In “Anatomy of a Really Bad M.B.A. Essay (Part Three),” we discussed some of the clues that reveal you’ve written a really bad essay. One clue was:
You lack excitement after you’ve read your essay a number of times!
Sure, you can take a breather after working on your personal statement for hours, but when you return to it, you should still get a few goose bumps. If you don’t, and you feel your essay is just one boring piece of gook, here are some sure-fire ways to fix the problem:
Stop preaching. When writing a narrative, the phrase “show, don’t tell” rings true. Describing a situation is much more interesting and effective than pontificating about it. So, for example, don’t pontificate about the “general existence of various technologies in the business world.” Describe to us the “dark blue ink that glistened from your technology award after you’d spent 200 nights on the floor of your tiny internship cubicle, vowing to complete your now patented robot.” See the difference?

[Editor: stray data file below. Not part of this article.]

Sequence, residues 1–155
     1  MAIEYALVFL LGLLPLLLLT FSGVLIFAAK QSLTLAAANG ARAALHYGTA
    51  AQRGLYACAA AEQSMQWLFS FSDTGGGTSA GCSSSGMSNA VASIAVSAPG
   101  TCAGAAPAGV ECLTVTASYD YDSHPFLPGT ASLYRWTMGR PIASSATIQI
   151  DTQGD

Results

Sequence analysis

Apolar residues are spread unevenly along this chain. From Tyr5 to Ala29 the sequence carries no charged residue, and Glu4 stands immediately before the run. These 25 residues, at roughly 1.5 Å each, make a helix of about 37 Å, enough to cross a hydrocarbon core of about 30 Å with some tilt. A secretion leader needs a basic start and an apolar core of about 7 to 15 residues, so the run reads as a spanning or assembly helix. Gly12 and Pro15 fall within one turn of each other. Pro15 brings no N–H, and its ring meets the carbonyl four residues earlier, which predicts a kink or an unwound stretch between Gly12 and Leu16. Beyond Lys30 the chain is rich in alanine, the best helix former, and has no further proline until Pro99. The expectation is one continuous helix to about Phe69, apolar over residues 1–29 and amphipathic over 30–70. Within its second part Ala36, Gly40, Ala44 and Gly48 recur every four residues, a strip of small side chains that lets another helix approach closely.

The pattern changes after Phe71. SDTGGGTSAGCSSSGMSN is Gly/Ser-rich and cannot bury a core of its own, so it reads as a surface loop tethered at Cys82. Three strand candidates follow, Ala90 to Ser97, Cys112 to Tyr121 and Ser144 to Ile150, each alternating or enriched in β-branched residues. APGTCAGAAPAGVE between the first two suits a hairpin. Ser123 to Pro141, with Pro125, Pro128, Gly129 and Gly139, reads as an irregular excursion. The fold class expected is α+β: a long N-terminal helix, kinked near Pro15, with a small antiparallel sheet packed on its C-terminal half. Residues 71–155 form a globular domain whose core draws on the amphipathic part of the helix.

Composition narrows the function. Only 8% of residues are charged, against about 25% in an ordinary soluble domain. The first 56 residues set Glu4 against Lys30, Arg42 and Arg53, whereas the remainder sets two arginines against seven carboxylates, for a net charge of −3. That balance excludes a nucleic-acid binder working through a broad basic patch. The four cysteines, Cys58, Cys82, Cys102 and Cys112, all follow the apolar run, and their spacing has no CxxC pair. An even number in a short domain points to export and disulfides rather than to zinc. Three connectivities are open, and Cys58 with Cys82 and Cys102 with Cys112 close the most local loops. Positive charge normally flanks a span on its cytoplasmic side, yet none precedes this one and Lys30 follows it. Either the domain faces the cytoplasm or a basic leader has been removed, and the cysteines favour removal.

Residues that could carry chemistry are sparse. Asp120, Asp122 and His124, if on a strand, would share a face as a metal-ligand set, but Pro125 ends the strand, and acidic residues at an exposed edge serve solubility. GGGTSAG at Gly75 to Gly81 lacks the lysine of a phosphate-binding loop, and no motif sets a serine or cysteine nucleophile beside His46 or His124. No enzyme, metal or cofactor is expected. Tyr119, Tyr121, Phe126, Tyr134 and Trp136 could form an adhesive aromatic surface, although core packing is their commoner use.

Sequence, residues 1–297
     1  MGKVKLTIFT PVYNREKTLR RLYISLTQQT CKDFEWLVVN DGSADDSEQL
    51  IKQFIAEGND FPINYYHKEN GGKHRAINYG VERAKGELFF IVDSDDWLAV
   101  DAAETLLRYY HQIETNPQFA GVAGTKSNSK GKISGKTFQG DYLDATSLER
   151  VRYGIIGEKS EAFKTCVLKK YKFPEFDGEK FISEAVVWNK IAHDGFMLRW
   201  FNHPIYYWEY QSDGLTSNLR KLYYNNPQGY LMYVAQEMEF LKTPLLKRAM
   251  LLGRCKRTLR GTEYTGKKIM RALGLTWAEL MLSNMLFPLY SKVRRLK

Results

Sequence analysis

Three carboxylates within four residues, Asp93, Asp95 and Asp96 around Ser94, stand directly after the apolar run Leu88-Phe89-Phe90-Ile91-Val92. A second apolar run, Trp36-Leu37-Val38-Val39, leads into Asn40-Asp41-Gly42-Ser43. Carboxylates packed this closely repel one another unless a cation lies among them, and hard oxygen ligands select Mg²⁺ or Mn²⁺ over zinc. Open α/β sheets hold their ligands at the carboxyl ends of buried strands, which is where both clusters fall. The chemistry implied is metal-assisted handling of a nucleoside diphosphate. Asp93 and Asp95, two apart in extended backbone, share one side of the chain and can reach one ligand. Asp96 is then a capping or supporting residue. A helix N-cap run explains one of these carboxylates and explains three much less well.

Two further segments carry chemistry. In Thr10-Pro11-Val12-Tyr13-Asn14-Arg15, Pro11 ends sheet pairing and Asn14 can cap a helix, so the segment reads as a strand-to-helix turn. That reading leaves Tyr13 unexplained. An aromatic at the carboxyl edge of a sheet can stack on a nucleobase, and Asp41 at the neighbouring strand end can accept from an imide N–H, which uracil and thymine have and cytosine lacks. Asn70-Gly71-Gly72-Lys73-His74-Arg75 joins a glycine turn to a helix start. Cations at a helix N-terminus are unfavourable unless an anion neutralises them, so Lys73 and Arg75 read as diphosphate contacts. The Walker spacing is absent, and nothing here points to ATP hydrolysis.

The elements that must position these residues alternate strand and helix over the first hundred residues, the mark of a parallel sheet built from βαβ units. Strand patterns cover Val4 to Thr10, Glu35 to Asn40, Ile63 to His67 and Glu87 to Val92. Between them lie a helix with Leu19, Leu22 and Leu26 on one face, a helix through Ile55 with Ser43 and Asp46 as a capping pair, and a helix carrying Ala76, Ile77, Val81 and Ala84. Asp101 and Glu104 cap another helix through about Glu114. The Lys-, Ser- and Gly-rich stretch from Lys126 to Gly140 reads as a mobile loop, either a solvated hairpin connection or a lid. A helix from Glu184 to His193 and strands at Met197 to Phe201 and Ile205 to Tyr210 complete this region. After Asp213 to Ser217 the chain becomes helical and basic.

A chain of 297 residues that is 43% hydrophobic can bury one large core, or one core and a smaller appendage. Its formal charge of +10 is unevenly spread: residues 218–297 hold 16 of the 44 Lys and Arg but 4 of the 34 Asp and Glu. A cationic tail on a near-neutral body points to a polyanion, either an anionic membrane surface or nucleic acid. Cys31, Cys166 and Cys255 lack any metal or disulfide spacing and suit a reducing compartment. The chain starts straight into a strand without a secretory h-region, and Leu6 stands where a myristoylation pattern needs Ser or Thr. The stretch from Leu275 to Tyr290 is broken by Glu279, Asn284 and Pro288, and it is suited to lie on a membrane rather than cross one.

Stop pretending. It’s fairly simple: if you find that you’re stuck with nothing impressive to write about yourself, chances are that you’re trying to come across as someone other than yourself. In that case, your words may appear guarded and stiff when they land on paper. They won’t dance; they won’t move. They’ll fall flat—and be boring. Thus, when you write, don’t pretend to be someone else. Just perform your true self.
Stop assuming. If you assume the admissions reader knows the importance of certain accolades, organizations, cultures, or even personal experiences that inform your M.B.A. essay, lots of meaning will get lost. You’ll risk making a connection with that reader. So, express your thoughts more transparently. If you do, they’ll go from boring to brilliant, in an instant.
By Penn & Paper, the premier editing and admissions counseling service.